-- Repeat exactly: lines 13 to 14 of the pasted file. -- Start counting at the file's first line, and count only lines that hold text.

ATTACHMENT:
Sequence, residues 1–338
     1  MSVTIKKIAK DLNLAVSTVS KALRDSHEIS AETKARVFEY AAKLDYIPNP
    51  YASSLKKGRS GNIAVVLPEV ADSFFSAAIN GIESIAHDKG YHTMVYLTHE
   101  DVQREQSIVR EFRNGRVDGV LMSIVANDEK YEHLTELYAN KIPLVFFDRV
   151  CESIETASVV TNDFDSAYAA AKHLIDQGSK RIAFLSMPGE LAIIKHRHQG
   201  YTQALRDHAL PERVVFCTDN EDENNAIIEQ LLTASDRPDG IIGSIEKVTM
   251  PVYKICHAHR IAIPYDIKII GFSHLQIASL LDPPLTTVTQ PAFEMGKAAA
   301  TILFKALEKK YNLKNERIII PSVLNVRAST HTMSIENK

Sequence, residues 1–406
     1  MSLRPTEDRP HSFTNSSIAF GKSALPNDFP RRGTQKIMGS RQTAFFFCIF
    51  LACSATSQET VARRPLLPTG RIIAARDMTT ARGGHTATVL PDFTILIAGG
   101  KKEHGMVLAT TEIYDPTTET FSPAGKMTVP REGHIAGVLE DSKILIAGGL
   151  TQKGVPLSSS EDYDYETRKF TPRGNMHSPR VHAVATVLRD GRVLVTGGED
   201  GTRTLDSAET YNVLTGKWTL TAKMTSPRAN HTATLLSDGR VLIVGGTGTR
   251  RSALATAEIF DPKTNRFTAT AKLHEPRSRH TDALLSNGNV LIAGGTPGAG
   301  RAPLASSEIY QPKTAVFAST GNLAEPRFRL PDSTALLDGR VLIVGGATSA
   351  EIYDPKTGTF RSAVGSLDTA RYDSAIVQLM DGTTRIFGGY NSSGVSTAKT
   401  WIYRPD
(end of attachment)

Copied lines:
   151  TQKGVPLSSS EDYDYETRKF TPRGNMHSPR VHAVATVLRD GRVLVTGGED
   201  GTRTLDSAET YNVLTGKWTL TAKMTSPRAN HTATLLSDGR VLIVGGTGTR